Below is an expert from the Fascial Fitness paper by dr R. Schleip, D.G. Muller which highlights how this type of extension differs from weighted work, which will mainly work on fascia in series with muscle fibres.
On the other hand, classic Hatha yoga stretches, in which the extended muscle fibres are relaxed, will show little effect on those fascial tissues, which are arranged in series with the muscle fibres. The reason is that since the relaxed myofibers are much softer than their serially arranged tendinous extensions, they will ‘swallow’ most of the elongation (Jami, 1992). However, such slow and melting stretching promises to provide good stimulation for fascial tissues, which are hardly reached by classic muscle training, such as the extramuscular fasciae and the intramuscular fasciae oriented in parallel to the myofibers.
Linking the breathing cycle with extension can have a remarkable effect if maintained. In a matter of weeks, the practitioner will notice a difference in their general state of relaxation and this process goes ever deeper with more and more practice.
Opening the joints for healing
Our ability to connect the body together correctly, to align our joints in harmony with one another and for us to develop ‘whole body power’ all hinge on the type of softness that this extension training can provide. But outside of the performance benefits these training methods have another very clear and profound utility related to healing.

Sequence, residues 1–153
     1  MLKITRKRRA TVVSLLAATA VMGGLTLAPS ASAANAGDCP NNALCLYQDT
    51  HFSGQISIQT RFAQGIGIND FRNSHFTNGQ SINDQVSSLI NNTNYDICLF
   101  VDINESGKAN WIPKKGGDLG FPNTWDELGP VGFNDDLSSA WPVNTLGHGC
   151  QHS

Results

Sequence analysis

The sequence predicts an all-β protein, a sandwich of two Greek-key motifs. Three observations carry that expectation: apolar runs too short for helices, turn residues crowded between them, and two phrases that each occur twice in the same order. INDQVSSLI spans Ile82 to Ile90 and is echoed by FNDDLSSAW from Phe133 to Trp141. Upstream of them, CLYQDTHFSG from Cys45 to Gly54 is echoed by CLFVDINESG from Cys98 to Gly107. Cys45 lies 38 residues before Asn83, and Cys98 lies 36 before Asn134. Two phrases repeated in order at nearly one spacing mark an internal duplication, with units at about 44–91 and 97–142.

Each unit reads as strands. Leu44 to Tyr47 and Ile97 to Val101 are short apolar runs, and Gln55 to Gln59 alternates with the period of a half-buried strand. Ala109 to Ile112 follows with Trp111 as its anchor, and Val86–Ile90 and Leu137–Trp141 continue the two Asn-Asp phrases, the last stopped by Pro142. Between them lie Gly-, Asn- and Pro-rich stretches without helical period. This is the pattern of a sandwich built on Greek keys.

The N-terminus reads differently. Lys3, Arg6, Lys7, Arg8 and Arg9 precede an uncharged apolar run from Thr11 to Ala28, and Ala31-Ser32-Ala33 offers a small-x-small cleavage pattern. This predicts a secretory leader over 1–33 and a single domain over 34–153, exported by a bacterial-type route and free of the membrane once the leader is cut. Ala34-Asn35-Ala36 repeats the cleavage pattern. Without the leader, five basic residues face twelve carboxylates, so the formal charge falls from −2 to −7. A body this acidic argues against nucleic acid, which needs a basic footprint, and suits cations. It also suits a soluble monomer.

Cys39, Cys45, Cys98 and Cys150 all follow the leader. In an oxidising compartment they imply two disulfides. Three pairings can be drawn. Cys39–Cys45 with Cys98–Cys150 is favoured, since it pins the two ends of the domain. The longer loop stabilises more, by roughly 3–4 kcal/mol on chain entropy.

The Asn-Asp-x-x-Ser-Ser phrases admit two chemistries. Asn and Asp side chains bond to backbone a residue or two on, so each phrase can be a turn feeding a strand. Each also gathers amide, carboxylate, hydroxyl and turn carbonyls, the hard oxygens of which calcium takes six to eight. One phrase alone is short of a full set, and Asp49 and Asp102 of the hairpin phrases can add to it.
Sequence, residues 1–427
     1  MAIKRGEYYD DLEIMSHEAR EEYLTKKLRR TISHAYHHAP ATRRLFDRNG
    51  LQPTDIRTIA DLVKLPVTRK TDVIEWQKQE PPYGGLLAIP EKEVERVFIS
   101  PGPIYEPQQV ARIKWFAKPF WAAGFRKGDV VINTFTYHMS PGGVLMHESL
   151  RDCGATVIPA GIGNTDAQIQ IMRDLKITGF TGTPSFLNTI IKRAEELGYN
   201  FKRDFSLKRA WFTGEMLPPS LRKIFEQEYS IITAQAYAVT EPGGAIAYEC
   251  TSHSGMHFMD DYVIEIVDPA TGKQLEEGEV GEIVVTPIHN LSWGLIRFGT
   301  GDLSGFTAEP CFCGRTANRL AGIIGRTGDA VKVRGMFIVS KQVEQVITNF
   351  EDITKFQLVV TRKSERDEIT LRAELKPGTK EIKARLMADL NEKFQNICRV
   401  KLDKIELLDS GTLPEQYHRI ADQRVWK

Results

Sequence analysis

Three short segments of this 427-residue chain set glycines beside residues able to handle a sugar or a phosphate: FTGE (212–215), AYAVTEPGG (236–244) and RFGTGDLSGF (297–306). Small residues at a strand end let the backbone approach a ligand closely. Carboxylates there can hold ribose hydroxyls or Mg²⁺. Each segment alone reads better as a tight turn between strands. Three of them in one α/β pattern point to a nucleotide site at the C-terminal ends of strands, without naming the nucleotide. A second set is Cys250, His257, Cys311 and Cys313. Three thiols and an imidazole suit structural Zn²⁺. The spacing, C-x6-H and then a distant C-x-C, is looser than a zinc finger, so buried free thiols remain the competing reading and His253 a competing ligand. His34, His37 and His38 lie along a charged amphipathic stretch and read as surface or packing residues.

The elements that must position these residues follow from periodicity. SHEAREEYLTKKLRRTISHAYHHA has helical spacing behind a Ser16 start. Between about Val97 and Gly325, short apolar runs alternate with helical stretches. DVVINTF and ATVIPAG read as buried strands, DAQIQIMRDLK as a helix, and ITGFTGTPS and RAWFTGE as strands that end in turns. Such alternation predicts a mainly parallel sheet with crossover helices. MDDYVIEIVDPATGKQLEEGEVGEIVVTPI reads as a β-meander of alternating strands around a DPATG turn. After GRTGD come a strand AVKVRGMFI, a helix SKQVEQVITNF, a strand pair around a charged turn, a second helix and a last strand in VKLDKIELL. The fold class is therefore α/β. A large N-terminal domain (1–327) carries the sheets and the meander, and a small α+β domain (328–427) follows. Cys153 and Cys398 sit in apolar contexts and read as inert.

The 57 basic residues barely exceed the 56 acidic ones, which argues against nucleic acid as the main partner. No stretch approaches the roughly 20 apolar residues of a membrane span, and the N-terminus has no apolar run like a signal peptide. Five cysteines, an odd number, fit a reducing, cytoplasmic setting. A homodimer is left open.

When we extend, the limbs using the various methods found in the internal arts and utilise the breathing to soften and release the tissues, we actually begin to create a process called ‘Opening the joints’.
This is the idea that the extension and consequential relaxation of that tissues that wrap and support the joints will relieve habitual tension/pressure placed on them. As pressure is released on the joint the various fluids of the joint can perform their role more effectively and regeneration of joint tissue can begin to happen. I myself cured a badly damaged elbow using extension and breathing as a core component of my regimen.
This idea is supported in clinical research by orthopedic surgeon John M Kirsch. Dr Kirsch utilises another method of opening the joints to release and resolve shoulder pain with amazing success, hanging and brachiation.
Dr Kirsch has his patients hang from a bar or tree branch, opening the shoulders, and releasing postural and habitual pressures. This process is a little more dramatic than the soft methods of extension found in the internal arts, but the concept is the same. We open and extend the limb, release bound tissues, and allow the joints to open. Then natural healing can begin to occur.
Extension is perhaps one of the main things that I see missing from common ‘Health’ versions of well-known arts like Tai chi. It is well worth exploring for both its health and its combative benefit.